RIT/NTID welcomes deaf and hearing Israeli performers Sept. 28

A black background with eight performers in black full leotards holding up their hands and looking at the camera.

A combination of Israeli Sign Language, expressive gestures and physical theatre will intrigue audiences during a free performance of the Ebisu Sign Language Theatre Laboratory, 7 p.m. Wednesday, Sept. 28, in Panara Theatre on the Rochester Institute of Technology campus. The performance—which coincides with the celebration of Rochester Deaf Awareness Week—is sponsored by RIT’s National Technical Institute for the Deaf, the Jewish Federation of Greater Rochester and the Jewish Community Center of Rochester.

The performance—free and open to the public—is suitable for both deaf and hearing audiences ages 13 and older. According to show producers, the nature of the movements and themes in the production make for clear understanding of what is happening on stage without the need for interpreters.  

Ebisu Sign Language Theatre Laboratory began in 2014 as part of the Grammar of the Body (GRAMBY) Research Project led by Wendy Sandler, linguistics professor at the University of Haifa, Israel. Most of the eight actors are deaf or hard of hearing, and all use Israeli Sign Language (ISL) daily. Atay Citron, director of Ebisu, is associate professor in the theater department at University of Haifa.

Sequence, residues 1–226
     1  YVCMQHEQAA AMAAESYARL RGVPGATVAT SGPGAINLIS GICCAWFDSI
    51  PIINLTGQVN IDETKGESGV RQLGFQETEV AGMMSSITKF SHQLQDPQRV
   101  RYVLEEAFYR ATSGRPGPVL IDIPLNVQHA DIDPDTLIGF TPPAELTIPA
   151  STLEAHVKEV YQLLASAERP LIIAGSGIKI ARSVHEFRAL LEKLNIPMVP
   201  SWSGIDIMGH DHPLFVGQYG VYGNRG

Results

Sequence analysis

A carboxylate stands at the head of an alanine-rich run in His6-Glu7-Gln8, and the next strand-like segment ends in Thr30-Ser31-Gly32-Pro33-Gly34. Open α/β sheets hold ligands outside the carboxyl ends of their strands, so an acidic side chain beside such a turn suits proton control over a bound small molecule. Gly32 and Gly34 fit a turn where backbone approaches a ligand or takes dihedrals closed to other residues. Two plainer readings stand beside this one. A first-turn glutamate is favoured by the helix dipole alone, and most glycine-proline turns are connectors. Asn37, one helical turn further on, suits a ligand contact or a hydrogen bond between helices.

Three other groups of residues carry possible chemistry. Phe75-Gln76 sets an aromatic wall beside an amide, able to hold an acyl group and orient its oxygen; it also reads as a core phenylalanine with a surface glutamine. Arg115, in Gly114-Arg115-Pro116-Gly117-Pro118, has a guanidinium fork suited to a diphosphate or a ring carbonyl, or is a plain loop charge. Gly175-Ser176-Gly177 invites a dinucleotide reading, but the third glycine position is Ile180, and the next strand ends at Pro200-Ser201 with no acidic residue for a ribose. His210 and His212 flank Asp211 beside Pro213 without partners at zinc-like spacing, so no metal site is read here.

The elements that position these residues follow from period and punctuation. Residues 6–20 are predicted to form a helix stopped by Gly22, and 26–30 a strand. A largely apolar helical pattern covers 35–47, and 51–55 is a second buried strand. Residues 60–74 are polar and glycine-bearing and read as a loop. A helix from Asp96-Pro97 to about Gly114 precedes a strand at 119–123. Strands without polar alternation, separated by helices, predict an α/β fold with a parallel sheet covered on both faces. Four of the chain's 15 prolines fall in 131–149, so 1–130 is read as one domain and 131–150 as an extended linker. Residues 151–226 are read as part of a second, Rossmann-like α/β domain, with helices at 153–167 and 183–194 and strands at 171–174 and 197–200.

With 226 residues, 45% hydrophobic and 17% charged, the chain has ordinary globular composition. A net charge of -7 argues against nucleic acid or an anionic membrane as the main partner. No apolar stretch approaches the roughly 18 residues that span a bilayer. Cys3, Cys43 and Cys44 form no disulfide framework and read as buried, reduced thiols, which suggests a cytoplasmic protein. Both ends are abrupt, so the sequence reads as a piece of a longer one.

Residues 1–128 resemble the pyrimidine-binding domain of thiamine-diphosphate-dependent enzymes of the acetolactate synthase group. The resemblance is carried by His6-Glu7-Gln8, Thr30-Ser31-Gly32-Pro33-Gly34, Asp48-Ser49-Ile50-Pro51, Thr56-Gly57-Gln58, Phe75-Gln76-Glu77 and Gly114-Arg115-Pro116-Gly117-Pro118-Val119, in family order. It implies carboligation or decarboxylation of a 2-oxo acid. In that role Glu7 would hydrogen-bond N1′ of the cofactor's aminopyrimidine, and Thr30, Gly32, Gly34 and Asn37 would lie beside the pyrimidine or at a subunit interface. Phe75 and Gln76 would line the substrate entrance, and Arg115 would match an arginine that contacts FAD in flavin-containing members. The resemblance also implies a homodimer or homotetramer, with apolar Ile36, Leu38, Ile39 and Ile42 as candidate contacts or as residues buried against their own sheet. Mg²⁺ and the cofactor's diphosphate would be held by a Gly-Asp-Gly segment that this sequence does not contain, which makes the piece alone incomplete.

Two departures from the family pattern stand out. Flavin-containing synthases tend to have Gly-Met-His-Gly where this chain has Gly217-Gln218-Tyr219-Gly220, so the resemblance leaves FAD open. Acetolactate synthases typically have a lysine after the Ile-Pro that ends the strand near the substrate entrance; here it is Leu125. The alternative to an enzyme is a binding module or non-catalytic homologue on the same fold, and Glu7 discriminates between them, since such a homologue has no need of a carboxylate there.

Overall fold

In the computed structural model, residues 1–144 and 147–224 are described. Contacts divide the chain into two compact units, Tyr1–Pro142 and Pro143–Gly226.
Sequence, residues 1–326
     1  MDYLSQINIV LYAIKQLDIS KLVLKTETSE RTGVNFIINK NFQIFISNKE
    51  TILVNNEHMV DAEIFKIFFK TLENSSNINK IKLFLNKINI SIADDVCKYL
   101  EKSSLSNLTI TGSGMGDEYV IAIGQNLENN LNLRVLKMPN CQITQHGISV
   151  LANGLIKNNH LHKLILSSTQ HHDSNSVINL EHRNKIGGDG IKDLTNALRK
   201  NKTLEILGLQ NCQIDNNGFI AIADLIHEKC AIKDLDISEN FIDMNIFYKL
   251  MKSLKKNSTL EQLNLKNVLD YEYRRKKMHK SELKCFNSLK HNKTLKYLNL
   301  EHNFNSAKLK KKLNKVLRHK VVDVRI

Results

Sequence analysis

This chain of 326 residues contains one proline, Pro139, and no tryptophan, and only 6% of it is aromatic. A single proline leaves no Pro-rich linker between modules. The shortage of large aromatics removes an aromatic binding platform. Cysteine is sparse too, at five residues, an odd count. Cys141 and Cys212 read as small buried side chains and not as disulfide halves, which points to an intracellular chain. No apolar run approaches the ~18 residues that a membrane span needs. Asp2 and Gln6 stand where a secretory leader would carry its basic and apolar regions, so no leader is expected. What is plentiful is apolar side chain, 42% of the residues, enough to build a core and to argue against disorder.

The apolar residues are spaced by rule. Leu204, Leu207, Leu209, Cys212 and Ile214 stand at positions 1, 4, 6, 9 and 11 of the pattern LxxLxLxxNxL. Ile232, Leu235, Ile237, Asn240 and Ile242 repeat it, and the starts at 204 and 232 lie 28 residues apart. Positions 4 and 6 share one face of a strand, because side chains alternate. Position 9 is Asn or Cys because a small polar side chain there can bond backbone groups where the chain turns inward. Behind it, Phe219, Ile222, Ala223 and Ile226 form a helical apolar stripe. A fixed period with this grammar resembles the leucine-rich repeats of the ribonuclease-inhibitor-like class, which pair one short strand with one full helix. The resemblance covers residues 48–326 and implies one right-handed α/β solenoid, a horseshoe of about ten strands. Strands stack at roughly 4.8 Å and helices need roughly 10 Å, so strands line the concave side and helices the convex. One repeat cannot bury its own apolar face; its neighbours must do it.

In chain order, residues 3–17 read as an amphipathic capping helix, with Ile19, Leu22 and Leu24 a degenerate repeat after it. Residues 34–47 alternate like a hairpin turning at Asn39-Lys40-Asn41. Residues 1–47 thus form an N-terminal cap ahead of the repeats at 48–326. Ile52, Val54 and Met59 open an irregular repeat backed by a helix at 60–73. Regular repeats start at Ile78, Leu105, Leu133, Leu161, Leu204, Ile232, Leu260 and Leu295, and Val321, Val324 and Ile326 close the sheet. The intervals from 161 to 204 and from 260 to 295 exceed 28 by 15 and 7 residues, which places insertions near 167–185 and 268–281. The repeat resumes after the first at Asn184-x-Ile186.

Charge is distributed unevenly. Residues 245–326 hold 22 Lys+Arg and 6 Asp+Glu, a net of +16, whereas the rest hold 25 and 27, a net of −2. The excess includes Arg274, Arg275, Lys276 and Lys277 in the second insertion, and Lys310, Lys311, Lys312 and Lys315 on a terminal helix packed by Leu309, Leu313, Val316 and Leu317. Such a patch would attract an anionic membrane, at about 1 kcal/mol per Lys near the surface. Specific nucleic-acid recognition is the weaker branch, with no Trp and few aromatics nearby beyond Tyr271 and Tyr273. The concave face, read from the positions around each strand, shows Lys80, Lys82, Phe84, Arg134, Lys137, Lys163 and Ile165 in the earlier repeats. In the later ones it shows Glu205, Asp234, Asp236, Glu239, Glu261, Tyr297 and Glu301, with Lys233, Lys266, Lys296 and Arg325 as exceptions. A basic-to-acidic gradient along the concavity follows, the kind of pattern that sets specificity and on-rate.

Named after the Japanese god Ebisu, who, according to the group, is the only deaf god in world religions and mythologies, the group highlights facial expressions and body language in their work and experiments with gestures that normally are performed and understood by hearing and deaf people alike. The theatrical material is not based on written texts; it is the product of improvisation, and the result is poetic, humorous and physical.

According to the group, Rochester’s large deaf and hard-of-hearing population prompted their visit to the city, which follows performances in the greater New York City region.

“We had learned of the Ebisu group through an RIT/NTID alumnus who had seen them in Israel and highly recommended them,” said Aaron Kelstone of RIT/NTID’s Cultural and Creative Studies Department. “It made sense to try and get them to campus so that our students and the Rochester community could experience another form of deaf and hearing artistic expression.”

In addition to the Rochester sponsors, Ebisu’s U.S. tour is supported by Israel’s Ministry of Foreign Affairs, the Culture and Arts Council of Mifal Hapais (Israeli Lottery), and the University of Haifa. Their work is part of The Grammar of the Body Research Project that is supported by a grant from The European Research Council.